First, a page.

Russian President Vladimir Putin on Thursday proposed sweeping reforms to the country's constitution under the veneer of strengthening democracy, but his critics say the proposals suggest an ulterior motive to maintain his grip on power well past the end of his term in 2024.
The Russian leader proposed amendments to the constitution in Wednesday's state of the nation address. Hours later, he fired Prime Minister Dmitry Medvedev and named Mikhail Mishustin, a tax chief and career bureaucrat, to succeed him.
Putin’s proposed constitutional reforms indicated he was working to carve out a new governing position for himself after his current term, but it remains unclear what specific path he will take.
Alexei Navalny, Russia's most prominent opposition leader, tweeted that Putin's proposals reflected the 67-year-old president's intention to "rule until he dies."
Putin suggested amending the constitution to allow lawmakers to name prime ministers and cabinet members. The president currently holds the authority to make those appointments.
Speaking to the group that will draft the amendments, Putin emphasized that the changes are intended to "strengthen the role of civil society, political parties and regions in making key decisions about the development of our state."
"The role of parliament will grow, and the interaction between parliament and the cabinet will strengthen," he said.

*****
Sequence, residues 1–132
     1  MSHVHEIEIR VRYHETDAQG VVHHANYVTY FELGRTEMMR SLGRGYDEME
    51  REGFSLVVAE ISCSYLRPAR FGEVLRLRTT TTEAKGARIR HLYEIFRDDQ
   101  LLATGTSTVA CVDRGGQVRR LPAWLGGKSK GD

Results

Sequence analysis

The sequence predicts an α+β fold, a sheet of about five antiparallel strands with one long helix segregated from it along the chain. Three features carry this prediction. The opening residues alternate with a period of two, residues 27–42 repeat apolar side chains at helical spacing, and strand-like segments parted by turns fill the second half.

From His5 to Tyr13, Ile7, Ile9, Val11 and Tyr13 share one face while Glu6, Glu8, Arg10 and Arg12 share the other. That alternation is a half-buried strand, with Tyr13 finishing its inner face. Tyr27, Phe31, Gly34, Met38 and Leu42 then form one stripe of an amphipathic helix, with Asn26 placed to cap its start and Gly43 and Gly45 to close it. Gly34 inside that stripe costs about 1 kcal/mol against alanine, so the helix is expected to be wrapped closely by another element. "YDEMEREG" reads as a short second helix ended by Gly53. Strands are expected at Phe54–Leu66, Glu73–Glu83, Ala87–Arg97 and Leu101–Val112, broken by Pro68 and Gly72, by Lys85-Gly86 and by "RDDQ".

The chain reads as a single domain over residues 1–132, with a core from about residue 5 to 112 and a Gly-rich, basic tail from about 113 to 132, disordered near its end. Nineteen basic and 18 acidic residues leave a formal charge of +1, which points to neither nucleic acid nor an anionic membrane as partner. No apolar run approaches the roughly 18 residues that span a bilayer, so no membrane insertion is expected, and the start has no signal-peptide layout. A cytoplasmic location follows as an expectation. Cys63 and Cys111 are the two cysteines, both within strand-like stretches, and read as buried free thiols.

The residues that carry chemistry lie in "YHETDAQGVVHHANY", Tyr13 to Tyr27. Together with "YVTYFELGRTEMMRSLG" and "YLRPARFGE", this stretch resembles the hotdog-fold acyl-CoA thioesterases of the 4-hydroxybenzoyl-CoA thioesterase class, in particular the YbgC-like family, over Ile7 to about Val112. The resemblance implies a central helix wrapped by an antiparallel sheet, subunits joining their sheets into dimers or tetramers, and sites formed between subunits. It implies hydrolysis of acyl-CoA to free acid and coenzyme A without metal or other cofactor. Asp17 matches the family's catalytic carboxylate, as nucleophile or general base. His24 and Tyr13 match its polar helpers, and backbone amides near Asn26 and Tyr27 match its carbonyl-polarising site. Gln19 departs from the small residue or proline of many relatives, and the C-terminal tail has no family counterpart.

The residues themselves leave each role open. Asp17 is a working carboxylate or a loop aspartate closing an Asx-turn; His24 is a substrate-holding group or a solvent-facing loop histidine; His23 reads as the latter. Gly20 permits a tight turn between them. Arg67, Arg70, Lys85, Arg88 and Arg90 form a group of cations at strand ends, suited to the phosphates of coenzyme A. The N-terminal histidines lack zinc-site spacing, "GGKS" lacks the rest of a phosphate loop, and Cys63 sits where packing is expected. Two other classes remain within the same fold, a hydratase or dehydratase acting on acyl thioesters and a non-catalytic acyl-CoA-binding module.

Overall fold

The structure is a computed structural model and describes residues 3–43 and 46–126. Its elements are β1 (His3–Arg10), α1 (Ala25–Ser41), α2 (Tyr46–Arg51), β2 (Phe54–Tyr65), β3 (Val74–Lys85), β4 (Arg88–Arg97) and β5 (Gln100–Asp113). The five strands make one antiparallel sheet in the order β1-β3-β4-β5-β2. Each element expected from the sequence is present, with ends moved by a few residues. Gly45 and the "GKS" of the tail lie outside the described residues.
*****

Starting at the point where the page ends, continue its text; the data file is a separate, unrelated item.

At the same time, Putin argued that the president should retain the right to dismiss the prime minister and cabinet ministers, to name top defense and security officials, and to be in charge of the military and law enforcement agencies.
In his address, Putin said the constitution must also specify the authority of the State Council, a body that consists of regional governors and top federal officials.
Observers speculated that Putin might try to stay in charge by shifting into the prime minister's seat again after increasing the powers of parliament and the cabinet, and curtailing presidential authority. Others suggested that he could continue pulling the strings as head of the State Council.
Upper House Speaker Valentina Matviyenko said lawmakers will work on amending the constitution and complete it in the spring.
Observers say Putin's move to modify the constitution four years before the end of his term may reflect the Kremlin's concerns that an anemic economy and stagnant living standards could damage his popularity ahead of parliamentary elections in 2021.
The Associated Press contributed to this report.